When a vitriolic placard or doomsday-phrasing is used for the sake of impact and drama (the clickbait-hype under another guise), it fails in its lack of nuance. For example, an Extinction Rebellion spokesperson claimed that climate change has resulted in “mass migration around the world already taking place due to prolonged drought in countries, particularly in South Asia.” The IPCC (Intergovernmental Panel on Climate Change), however, has said that “there is robust evidence of disasters displacing people worldwide, but limited evidence that climate change or sea-level rise is the direct cause.” The key word, here, is “direct,” for it may be that climate change is affecting these occurrences, but to state them unequivocally as mass existential threats is specious and misleading. Furthermore, in 1931, 3.7 million people died from natural disasters. In 2018, just 11,000 did. And that decline occurred over a period when the global population quadrupled. Does this mean we should not worry about climate change? Not at all. But there is good evidence that the catastrophist framing of climate change is counterproductive because it alienates and polarizes those who read it (a feeling of “we’re too far gone to stop it” or “shouting at me will get you nowhere”). Exaggerating climate change risks distracting us from the alterations we can and should make.
Nor does this vindicate politicians for their lack of action or their unacceptable mid-summit naps, but it is merely an attempt to question a movement that is terribly afraid of the shadow of any structure, and that automatically conflates leadership with corruption and tyranny. Climate change is indeed one of the greatest challenges of our time. But if we want to save endangered species, limit global warming, prevent the destruction of habitats and nature, we need to do so because we care about wildlife for spiritual, ethical, or aesthetic reasons, not for the sake of proving politicians wrong or to destroy what is purportedly a corrupt system. In the words of Nelson Mandela, “Resentment is like drinking poison and then hoping it will kill your enemies.” Mandela ostensibly freed himself from narrow ideology and racial hostility, allowing him to seek the national reconciliation that led to a greater liberty for all the citizens of South Africa, no matter the colour of their skin. We must escape the overly simplistic and even false ideology that prevents any implementation of the change it claims to be and, in so doing, become more nuanced thinkers that improving the world necessitates. That is the responsibility of our generation.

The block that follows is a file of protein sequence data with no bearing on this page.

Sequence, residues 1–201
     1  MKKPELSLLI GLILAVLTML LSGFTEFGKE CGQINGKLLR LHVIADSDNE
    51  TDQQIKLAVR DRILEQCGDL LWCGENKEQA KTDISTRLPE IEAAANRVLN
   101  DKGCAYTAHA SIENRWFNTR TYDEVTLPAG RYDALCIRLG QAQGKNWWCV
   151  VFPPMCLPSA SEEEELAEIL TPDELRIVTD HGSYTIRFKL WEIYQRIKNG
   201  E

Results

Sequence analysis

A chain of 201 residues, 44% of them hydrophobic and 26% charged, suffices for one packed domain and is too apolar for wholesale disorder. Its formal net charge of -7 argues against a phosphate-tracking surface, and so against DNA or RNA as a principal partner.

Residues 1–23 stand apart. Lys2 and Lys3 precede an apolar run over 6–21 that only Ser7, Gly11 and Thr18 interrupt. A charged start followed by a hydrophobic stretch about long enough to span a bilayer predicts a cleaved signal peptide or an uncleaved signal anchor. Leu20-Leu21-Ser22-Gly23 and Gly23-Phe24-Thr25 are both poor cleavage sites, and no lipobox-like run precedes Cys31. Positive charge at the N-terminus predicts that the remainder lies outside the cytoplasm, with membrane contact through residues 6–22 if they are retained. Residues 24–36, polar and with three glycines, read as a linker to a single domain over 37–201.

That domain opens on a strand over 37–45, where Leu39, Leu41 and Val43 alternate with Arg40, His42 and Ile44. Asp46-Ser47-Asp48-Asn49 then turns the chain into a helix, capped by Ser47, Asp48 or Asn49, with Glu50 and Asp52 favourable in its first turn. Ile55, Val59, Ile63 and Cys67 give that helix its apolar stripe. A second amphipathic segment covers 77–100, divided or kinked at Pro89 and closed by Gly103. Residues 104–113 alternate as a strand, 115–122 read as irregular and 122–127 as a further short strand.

Down between the space of the culture wars, the regular people, you and I, are left wondering what on earth we ought to do, or rather, what on earth we can do. Of course, protests remain a civil liberty, but it is our behaviour and ideas which set the parameters for politics, not the slogans on our placards. The protests over the Iraq War in the UK in 2003 drew over a million people. They were the largest demonstrations in years, but it was not enough to change the position of the Blair government. Part of the reason was the lack of cogent political advocacy to engage with the government once the antagonism had arisen. On the other hand, Britain banned smoking in pubs once a large majority no longer smoked. It banned the use of wild animals in circuses once almost no one went to such circuses and only a few dozen animals were left. Such is now happening in Denmark, a frontrunner in terms of its climate goals, where popular support and behaviour, rather than exaggerated bitterness, has fuelled climate consensus across political parties and is now being put into law.
Government policies often follow our actions, rather than driving them, and that is why changing one’s own behaviour is the first step to helping reduce climate change. It requires an honesty and candidness that we seem to have lost in shouts and expletives, expressions of concern and suggestions for improvement rather than instilling existential fear in the public, and a desire to make small changes on a day-to-day basis. Whilst boring in comparison to rallying stridently in the streets, those who wish to further the climate cause should vote, learn, join political parties, comment, debate, improve one’s own actions, and, above all, encourage and remain hopeful.